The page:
Linked by Thom Holwerda on Sat 29th Sep 2007 21:24 UTC, submitted by Kishe
GNU, GPL, Open Source "A research firm serving the mobile phone industry has published an 18-page whitepaper about open source licensing. Entitled 'GPLv2 vs. GPLv3', the paper examines the meteoric rise of open source software, and the forces that shaped each license, before concluding with an extremely detailed point-by-point comparison."
Thread beginning with comment 275706
To view parent comment, click here.
To read all comments associated with this story, please click here.
RE BSD license.
by pinky on Tue 2nd Oct 2007 14:08 UTC in reply to "RE BSD license."
pinky
Member since:
2005-07-15

>That's a huge barrier to code sharing. A one-way barrier, though, for the most part, since great care has been taken by the GPLvX authors to ensure what they term "compatibility" with other FOSS licenses.

GPL compatibility is not a special compatibility it's the very normal compatibility we know from any other area.

Compatible means that you can mix code. You can mix BSDL and GPL code, you can mix Apache-License and GPLv3 code, etc.

There is absolutely no technical or legal barrier. Maybe there is a personal barrier if an author of BSD code don't want to combine his code with GPL code. But than this is his personal decision and not a barrier of the GPL or any strange definition of compatibility.

What you mean is that you can't relicense GPL code. But that's relicensing and not compatibility.

Relicensing is not possible but compatibility (especially for GPLv3) is quite good.

Reply Parent Score: 4

RE BSD license.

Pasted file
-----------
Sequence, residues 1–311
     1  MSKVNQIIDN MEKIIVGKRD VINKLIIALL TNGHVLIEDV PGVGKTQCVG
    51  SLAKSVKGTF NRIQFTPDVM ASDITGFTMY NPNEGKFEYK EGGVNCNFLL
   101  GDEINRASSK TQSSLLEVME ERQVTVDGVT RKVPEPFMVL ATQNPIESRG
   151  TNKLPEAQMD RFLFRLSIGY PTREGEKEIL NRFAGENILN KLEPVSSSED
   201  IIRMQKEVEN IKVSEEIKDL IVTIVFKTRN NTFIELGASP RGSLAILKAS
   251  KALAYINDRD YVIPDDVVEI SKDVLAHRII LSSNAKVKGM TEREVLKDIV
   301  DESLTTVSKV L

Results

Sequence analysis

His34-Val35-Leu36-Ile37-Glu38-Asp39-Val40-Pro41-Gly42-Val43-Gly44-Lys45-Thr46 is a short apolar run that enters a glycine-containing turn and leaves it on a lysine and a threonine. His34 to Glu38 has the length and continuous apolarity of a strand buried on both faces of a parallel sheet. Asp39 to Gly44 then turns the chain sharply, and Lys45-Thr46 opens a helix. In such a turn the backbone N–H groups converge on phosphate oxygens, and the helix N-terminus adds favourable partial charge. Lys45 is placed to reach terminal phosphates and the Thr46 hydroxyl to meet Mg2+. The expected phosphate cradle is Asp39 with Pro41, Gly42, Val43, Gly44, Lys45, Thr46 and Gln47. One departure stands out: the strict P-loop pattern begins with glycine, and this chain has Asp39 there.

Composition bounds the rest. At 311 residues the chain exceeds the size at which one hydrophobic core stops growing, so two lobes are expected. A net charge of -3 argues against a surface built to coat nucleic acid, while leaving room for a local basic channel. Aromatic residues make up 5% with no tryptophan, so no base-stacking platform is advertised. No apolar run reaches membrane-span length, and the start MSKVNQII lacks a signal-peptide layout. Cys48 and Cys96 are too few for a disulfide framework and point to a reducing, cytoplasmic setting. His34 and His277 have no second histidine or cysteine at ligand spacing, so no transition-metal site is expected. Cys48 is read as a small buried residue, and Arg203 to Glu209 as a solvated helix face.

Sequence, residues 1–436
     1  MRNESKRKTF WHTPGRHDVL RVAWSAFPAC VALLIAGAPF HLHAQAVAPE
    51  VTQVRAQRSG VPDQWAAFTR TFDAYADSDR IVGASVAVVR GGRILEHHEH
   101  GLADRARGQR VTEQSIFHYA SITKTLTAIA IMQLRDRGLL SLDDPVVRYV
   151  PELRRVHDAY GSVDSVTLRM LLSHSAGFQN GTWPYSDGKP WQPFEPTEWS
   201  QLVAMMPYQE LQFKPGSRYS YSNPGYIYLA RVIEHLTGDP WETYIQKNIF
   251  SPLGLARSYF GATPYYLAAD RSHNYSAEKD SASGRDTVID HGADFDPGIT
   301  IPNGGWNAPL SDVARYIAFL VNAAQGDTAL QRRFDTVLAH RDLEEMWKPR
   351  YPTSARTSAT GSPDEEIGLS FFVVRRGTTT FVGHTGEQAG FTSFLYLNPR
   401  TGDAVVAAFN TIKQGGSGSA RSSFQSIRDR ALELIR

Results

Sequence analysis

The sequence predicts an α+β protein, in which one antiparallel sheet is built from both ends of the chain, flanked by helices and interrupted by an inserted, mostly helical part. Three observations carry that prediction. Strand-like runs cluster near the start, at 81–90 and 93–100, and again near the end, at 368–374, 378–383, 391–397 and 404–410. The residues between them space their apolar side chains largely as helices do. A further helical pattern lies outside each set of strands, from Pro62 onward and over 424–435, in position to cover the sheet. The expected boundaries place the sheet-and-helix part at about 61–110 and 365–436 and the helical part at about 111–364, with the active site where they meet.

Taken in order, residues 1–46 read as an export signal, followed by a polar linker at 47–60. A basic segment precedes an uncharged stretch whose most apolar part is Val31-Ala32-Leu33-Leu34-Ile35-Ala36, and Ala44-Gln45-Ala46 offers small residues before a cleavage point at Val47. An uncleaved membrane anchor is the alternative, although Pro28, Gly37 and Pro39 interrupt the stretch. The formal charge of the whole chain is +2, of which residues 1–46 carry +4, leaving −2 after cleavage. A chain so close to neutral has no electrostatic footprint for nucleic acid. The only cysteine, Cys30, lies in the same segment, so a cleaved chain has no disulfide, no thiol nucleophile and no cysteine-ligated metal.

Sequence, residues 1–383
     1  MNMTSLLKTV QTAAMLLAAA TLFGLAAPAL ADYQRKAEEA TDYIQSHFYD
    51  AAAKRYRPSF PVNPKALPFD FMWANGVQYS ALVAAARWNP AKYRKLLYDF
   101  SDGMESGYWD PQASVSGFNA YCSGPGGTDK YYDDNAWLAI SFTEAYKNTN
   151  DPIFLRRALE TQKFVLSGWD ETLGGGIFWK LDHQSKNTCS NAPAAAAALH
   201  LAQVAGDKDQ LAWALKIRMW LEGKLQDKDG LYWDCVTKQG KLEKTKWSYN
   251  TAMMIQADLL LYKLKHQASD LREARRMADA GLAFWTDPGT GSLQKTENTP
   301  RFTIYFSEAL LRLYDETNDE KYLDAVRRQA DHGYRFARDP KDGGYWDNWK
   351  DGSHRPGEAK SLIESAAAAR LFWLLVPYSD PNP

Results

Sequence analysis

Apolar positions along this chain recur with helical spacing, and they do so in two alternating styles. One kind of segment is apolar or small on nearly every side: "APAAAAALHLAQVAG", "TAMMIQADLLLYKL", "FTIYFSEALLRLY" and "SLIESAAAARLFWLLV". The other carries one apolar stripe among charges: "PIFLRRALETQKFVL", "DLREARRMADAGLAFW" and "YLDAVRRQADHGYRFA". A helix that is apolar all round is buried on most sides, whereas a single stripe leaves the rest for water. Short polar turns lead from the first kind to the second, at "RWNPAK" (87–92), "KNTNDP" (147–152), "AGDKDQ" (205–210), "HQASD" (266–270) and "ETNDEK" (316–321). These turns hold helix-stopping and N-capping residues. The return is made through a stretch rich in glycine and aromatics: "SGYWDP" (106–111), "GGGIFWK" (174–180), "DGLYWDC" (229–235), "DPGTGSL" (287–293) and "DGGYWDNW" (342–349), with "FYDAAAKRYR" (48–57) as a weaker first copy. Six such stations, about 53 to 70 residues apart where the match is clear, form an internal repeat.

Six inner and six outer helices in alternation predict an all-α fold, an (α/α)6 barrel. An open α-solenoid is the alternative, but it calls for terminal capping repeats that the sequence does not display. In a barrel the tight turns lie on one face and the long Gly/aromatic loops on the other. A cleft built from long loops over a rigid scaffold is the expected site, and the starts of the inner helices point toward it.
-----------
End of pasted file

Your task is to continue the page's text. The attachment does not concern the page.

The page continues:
by sbergman27 on Tue 2nd Oct 2007 17:33 in reply to "RE BSD license."
sbergman27 Member since:
2005-07-24

"""

GPL compatibility is not a special compatibility it's the very normal compatibility we know from any other area.

"""

FSF doublespeak. For an organization which claims to take the moral high ground, they play the doublespeak game to a level which rivals the large multinationals.

"""
What you mean is that you can't relicense GPL code. But that's relicensing and not compatibility.

"""

More doublespeak.

No. I mean that if you are a GPLv3 project you can take code from, say, an Apache project without changing your license. But if you are an Apache project, you cannot incorporate the GPL'd project's changes to your code back into your code without changing your license. And if you try to argue that a project changing its license is no big deal, just consider a scenario in which GPL'd projects were required to change their license to use, say, BSD or MIT licensed code.

I really wish that some of the permissively licensed projects would temporarily add a "no copyleft" clause to their licenses just to make the point. Can you imagine the shock, horror, and outrage which would be elicited if permissively licensed projects ever decided that turnabout was fair play?

The cries of "It's not fair!" would be deafening, and you know it.

Edit: I should probably clarify that I am generally favorable to copyleft licenses, including GPLv2 and even GPLv3. But to ignore the fact that restrictive licenses like GPLv[23] are not good team players with the greater FOSS community is deceptive and counterproductive. GPLv[23] are good licenses for many use cases *despite* their warts. But they do *have* the warts.

Edited 2007-10-02 17:42

Reply Parent Score: 1

RE BSD license.
by Valhalla on Tue 2nd Oct 2007 19:21 in reply to "RE BSD license."
Valhalla Member since:
2006-01-24

the problem with permissive licences not being able to incorporate GPL licenced code is due to the basic rights that define the whole copyleft licence, which is to give rights to the recipient, for example the right to recieve the sourcecode.

since permissive licences does not require these rights to be given to the recipient, they cannot adopt GPL licenced code.